The Dom Post editorial looks at two contrasting New Zealands:
One was the New Zealand of Paula McCutcheon, the young mother widowed last month when her husband, Mark, was stabbed while trying to help a woman who was being assaulted outside a Hawke’s Bay pub. Hers is the New Zealand most inhabit a land in which citizens go to work each morning, take pride in standing on their own feet, abide by the law and teach their children to respect others.
The other was the New Zealand of Victoria Stevens. It is a New Zealand in which adults healthy enough to rob and to steal, and to wrestle with the police, prefer to claim benefits than to go to work and in which mothers show their love for their sons by barking like dogs. To most New Zealanders theirs is a foreign country, but it is a foreign country that coexists alongside mainstream New Zealand.
Not so much a foreign country, but almost a foreign species.
And then focusing back on Stevens:
Although reliant on her fellow citizens to feed and clothe her, she acknowledges no reciprocal obligation to abide by the law or to treat others with respect. Is it any wonder her son now finds himself in the dock?
Unfortunately, she is not alone. As Prime Minister John Key has identified, there is a growing underclass in New Zealand, the members of which scorn notions of responsibility, respect and decency. Its ranks include those who made Nia Glassie’s short life a living hell and the dysfunctional Kahui clan, which closed ranks to shield its adult members from the police but totally failed to protect three-month-old twins Chris and Cru Kahui from whoever it was that inflicted the head injuries that killed them. It is a group too many of whose members are Maori.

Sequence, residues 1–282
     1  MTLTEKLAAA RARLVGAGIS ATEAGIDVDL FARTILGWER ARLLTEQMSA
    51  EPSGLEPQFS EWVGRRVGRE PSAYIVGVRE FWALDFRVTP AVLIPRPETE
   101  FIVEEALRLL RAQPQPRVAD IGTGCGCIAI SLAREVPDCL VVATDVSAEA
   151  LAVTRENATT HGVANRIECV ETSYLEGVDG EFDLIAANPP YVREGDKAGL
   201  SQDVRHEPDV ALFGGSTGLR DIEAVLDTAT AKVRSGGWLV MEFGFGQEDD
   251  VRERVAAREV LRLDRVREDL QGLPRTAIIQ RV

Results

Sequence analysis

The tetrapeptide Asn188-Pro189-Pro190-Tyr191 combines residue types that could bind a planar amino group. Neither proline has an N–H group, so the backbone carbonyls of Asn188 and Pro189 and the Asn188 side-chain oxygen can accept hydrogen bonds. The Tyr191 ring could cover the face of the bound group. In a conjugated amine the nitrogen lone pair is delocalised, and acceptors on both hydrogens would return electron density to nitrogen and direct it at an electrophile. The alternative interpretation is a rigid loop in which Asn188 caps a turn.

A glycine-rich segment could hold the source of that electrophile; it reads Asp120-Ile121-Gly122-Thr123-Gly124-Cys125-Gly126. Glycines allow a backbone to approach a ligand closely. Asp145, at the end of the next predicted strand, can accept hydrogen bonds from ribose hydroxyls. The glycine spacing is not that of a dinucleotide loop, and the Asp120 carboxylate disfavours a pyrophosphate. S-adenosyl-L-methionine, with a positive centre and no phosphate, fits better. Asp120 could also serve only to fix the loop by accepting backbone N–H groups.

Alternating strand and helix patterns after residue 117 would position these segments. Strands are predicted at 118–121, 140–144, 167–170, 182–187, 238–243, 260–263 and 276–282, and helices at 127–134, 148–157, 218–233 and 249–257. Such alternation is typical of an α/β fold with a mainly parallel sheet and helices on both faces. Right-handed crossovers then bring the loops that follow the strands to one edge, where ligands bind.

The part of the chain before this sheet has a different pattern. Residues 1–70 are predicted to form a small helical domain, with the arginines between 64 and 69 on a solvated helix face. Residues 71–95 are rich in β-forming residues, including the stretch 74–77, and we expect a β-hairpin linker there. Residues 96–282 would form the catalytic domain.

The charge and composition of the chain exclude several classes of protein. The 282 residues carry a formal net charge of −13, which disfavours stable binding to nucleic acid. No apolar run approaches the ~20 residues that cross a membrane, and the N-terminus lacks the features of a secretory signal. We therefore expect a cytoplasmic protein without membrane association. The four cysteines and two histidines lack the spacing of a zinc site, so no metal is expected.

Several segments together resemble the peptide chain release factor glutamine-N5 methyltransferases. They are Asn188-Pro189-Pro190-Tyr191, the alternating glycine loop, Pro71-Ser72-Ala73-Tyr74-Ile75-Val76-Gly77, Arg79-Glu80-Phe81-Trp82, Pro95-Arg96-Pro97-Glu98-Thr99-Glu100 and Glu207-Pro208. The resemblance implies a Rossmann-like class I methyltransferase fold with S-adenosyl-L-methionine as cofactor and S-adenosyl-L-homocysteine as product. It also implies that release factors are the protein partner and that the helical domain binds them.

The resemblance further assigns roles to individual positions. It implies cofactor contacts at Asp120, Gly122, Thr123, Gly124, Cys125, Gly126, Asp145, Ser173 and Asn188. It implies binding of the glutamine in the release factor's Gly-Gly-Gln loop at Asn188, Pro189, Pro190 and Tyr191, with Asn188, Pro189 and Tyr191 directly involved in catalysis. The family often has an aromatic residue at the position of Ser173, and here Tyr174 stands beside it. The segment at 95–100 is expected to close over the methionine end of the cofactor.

And, despite the best efforts of academics and social workers, it is a group that no one has yet discovered how to reintegrate into society.
One thing is clear, however. Paying benefits year after year to people who flout the law, choose not to work and accept no reciprocal obligation for the aid they receive, has not worked.
It is time for Mr Key’s Government to take a rigorous look at the other New Zealand the one in which the evils of intergenerational welfare dependency are becoming more and more apparent.
Sadly, some people dispute there is any problem with generations of a family being on welfare. They see it as a right, not to be challenged.Tags: Dom Post, Victoria Stevens